Antelope, a company that makes mobile computing devices for niche markets, said on Wednesday that it will use Transmeta's Crusoe TM5800 in an upcoming device based on IBM's "Meta Pad" technology, a device the size of a PDA that morphs into a desktop computer.
The deal is a win for Transmeta, which is aiming to extend its reach beyond the laptop computer market. Transmeta said in April that the same chip will power a PDA-sized device from start-up OQO that runs Windows XP.
Transmeta also announced its first deal with a Europe-based laptop manufacturer, Austria's Gericom.
The design of Antelope's Mobile Computer Core (MCC), the name of Antelope's basic computer, is derived from the Meta Pad, a hand-size computer prototype shown off earlier this year by IBM. Antelope is licensing the Meta Pad design from IBM but will configure and adapt it to fit business markets and specific applications, said an Antelope representative.
The MCC is designed to run a desktop operating system such as Windows or Linux and serves as the core of either a handheld computer or, with display and peripherals attached, a desktop system. Antelope says the design saves time by eliminating the need to transfer data between two devices.
Transmeta's chips are better for such portable devices because they consume less power and emit less heat than conventional chips from AMD or Intel, Antelope said. "The Crusoe microprocessor is instrumental in providing our Mobile Computer Core with long battery life, low heat output and high performance operation," stated Antelope president Kenneth Geyer. The device is to begin shipping in September.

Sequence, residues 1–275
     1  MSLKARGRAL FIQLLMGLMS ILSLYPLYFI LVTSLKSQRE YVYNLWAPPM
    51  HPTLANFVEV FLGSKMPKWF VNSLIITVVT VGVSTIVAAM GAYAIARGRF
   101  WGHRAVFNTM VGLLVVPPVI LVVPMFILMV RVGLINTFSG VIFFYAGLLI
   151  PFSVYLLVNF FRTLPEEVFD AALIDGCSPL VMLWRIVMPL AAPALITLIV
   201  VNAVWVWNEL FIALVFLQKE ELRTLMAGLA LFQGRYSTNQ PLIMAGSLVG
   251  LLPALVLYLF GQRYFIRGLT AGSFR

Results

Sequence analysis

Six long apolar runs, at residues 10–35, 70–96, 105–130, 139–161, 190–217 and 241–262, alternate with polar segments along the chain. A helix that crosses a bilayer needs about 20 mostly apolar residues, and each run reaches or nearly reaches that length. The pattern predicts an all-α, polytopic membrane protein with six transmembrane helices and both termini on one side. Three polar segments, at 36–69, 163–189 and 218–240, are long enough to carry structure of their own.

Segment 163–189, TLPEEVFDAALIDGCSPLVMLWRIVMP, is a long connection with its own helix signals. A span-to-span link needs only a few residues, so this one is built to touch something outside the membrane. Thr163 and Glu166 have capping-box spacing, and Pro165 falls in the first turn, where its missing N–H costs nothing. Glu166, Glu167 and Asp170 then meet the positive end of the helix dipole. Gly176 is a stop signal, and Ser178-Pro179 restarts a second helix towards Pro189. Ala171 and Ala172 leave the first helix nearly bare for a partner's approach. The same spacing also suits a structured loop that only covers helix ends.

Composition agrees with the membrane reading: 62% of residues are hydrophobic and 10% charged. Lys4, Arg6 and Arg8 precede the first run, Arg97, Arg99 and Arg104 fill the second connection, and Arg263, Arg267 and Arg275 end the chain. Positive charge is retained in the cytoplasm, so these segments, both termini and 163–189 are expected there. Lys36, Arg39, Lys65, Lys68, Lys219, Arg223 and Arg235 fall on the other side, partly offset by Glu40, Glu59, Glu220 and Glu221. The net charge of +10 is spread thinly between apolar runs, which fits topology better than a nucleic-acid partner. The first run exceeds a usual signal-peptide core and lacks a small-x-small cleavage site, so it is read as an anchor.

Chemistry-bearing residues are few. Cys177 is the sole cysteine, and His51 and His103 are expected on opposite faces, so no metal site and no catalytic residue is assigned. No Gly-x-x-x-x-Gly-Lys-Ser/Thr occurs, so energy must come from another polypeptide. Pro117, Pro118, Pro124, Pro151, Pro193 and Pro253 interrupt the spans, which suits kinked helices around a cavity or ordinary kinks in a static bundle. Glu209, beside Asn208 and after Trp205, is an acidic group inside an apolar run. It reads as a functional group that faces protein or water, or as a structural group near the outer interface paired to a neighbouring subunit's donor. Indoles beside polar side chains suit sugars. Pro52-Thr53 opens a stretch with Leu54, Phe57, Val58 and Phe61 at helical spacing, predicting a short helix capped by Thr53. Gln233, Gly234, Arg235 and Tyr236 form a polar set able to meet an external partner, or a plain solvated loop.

Although it is still unclear whether businesses or other customers will take to these machines, small computing is growing, advocates say. At the TechXNY trade show in New York this week, established PC and consumer-electronics giants are showing off two new types of Microsoft-centric devices: the tablet PC, a full-fledged computer that resembles a portable screen and runs a specialised version of Windows, and Mira, a portable screen that connects to the Internet via a home PC.
Transmeta also introduced the first Crusoe-powered laptop from a European manufacturer, the Gericom A2, running on an 800MHz Crusoe TM5800 chip. The 3.5-pound, one-inch-thick laptop will ship in Europe in the third quarter of 2002, Transmeta said. Gericom was the third-largest notebook supplier to the German market in the first quarter of 2002, according to Dataquest.
Transmeta emulates the x86 architecture used in AMD and Intel processors with a process it calls "code-morphing", which allows the chips to achieve comparable performance to mainstream chips while consuming less power. The Crusoe chips were considered a serious threat to Intel's mobile business when they launched in early 2000, but Intel has held its ground by improving the power-management technology of its own chips.
Crusoe has achieved most of its success in Japan, but is now appearing in notebooks in the UK and the US. In Europe, Crusoe-based notebooks include devices from Sony, NEC and PaceBlade.
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